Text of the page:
By Stefanie Gardin
FORT SHAFTER, Hawaii — At the height of World War II, with the war raging at its peak, something unusual was happening near Fort Shafter. Local workers were building an oasis in the heart of the industrial munitions-production installation known as the Hawaiian Ordnance Depot.
Today, nearly 70 years later, the Historic Hawaii Foundation, or HHF, is recognizing the rehabilitation and restoration of that historic oasis, Building 330, known commonly as the Aloha Center, as one of the recipients of its 2012 Preservation Awards.
HHF presented U.S. Army Garrison-Hawaii, the U.S. Army Corps of Engineers-Honolulu District and small business contractor Alutiiq-Mele with the award at the 37th Annual Preservation Honor Awards ceremony, May 11, in Honolulu.
The awards are Hawaii's highest recognition of projects supporting the state's architectural, archaeological and cultural heritage, according to an HHF release.
The Building 330 rehabilitation and restoration effort was a nearly two-year, $7 million effort to preserve Army and Hawaii cultural heritage, and also an investment in sustainability, according to Ken Hays, architectural historian, Cultural Resources Program, USAG-HI.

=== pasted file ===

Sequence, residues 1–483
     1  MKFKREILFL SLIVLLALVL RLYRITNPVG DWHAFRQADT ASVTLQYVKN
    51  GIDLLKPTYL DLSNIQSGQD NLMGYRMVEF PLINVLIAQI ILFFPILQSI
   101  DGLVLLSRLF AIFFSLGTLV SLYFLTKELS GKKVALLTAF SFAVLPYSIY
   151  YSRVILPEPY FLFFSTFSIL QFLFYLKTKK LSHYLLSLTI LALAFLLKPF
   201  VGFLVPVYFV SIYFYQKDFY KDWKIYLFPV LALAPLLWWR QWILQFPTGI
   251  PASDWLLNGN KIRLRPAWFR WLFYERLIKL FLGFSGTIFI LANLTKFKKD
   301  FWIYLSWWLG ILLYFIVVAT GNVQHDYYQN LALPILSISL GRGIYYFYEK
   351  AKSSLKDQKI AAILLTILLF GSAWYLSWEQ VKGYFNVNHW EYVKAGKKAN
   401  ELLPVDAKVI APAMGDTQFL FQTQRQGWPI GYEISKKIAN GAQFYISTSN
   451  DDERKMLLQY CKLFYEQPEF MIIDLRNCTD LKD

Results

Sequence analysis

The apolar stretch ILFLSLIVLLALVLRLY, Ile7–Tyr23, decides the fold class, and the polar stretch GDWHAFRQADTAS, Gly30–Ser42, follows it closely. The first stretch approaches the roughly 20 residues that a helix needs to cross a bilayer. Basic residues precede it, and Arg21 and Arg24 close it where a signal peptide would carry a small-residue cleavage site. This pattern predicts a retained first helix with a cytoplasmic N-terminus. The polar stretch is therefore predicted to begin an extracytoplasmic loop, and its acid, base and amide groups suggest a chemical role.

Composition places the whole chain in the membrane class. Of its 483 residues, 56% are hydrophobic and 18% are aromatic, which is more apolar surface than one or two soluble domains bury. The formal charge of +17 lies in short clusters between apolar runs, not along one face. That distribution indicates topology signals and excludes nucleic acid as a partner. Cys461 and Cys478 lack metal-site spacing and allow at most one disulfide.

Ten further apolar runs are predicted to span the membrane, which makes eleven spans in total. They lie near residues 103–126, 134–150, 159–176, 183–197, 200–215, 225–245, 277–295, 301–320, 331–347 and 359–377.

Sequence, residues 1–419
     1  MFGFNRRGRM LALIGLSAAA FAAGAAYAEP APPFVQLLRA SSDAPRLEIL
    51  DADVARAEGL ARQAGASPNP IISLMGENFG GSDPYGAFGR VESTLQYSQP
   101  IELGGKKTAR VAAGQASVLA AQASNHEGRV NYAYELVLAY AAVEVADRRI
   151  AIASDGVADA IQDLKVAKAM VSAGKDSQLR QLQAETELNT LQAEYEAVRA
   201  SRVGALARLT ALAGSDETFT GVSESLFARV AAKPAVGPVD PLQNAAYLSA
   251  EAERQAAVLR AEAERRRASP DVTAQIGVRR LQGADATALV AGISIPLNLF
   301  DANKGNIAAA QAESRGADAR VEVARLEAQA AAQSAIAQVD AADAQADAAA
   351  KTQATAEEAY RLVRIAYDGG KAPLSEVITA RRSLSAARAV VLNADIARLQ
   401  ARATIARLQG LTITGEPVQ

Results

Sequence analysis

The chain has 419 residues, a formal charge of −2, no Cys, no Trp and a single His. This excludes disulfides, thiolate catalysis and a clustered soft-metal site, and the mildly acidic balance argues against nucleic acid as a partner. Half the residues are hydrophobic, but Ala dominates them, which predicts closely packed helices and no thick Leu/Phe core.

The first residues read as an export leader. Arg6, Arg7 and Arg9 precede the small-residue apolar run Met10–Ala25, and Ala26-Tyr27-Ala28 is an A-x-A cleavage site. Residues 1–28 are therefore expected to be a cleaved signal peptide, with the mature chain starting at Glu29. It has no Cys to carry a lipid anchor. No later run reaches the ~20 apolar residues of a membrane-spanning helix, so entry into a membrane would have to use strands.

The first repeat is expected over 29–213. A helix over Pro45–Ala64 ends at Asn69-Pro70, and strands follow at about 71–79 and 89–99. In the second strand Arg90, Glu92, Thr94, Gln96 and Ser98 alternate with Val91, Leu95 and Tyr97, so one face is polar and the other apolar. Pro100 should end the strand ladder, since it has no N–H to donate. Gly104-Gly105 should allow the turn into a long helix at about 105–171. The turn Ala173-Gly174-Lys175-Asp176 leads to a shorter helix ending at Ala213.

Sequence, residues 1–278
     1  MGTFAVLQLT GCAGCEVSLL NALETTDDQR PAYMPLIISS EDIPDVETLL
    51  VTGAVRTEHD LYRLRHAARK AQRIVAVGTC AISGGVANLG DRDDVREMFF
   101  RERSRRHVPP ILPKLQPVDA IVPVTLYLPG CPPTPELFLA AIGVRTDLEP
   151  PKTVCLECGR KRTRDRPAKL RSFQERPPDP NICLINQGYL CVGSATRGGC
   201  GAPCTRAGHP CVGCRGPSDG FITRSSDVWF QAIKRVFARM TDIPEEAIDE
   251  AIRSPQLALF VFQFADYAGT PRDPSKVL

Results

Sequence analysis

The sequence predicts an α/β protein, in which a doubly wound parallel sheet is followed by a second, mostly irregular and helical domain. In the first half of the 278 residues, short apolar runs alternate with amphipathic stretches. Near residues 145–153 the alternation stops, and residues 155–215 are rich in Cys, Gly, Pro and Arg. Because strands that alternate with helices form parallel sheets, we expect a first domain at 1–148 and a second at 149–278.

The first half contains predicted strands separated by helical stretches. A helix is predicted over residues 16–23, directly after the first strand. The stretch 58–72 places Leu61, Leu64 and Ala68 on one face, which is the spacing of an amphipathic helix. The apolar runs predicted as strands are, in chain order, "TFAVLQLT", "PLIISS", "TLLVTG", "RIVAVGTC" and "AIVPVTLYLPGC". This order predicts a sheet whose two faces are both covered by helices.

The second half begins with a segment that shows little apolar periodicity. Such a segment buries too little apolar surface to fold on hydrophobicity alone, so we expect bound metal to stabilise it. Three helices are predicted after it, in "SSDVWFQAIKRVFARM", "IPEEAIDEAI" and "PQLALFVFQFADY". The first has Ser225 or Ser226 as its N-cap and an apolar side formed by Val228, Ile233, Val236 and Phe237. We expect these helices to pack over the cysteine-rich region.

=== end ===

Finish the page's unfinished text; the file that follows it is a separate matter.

Hays' job is to protect the historic properties on Hawaii's Army installations and ensure compliance with the National Historic Preservation Act.
"It sounds like a lot of money, but when you consider a building that's been around for 60 some years, and now it's set for another 30 or 50 years, I think the investment is really worth it," he said, adding much of the cost came from bringing the building up to current security requirements.
Today the building is much stronger than it was in the 1940s, but still looks the same. The team took great care preserving the details -- from the original windows and doors, to the siding, roof and paint colors.
"There was a lot of thought put into the building's design, and that's why we put the effort back into it," Hays said. "(Building 330) is really one of our best designed buildings at Fort Shafter … It has a refinement to it, and a beauty."
The building served as the headquarters for the Hawaiian Ordnance Depot. It was the work of famous Hawaii landscape architect Robert Thompson, whose other projects included Tripler Army Medical Center, Doris Duke's Shangri La, the governor's mansion at Washington Place, and the National Memorial Cemetery of the Pacific at Punchbowl.
Thompson's touches on Building 330 included the use of special molds to make the concrete walls look more like a brick building; large, plentiful windows for natural lighting and ventilation; a courtyard; outdoor hallways; and a formal flowering garden complete with trellises adorned with flowering vines.
Quality of life then was just as important then as it is today. Everything was beautiful and green to promote a healthy working environment, Hays pointed out, right down to the outdoor hallways that are typical Hawaii design.
"You didn't stay cooped up all day," he said. "You had to go outside to see someone down the hall, and when you did, you could enjoy the garden."
Building 330 is USAG-HI's tenth project to receive HHF recognition. This year the Army also received a Centennial Recognition for Battery Randolph in Waikiki.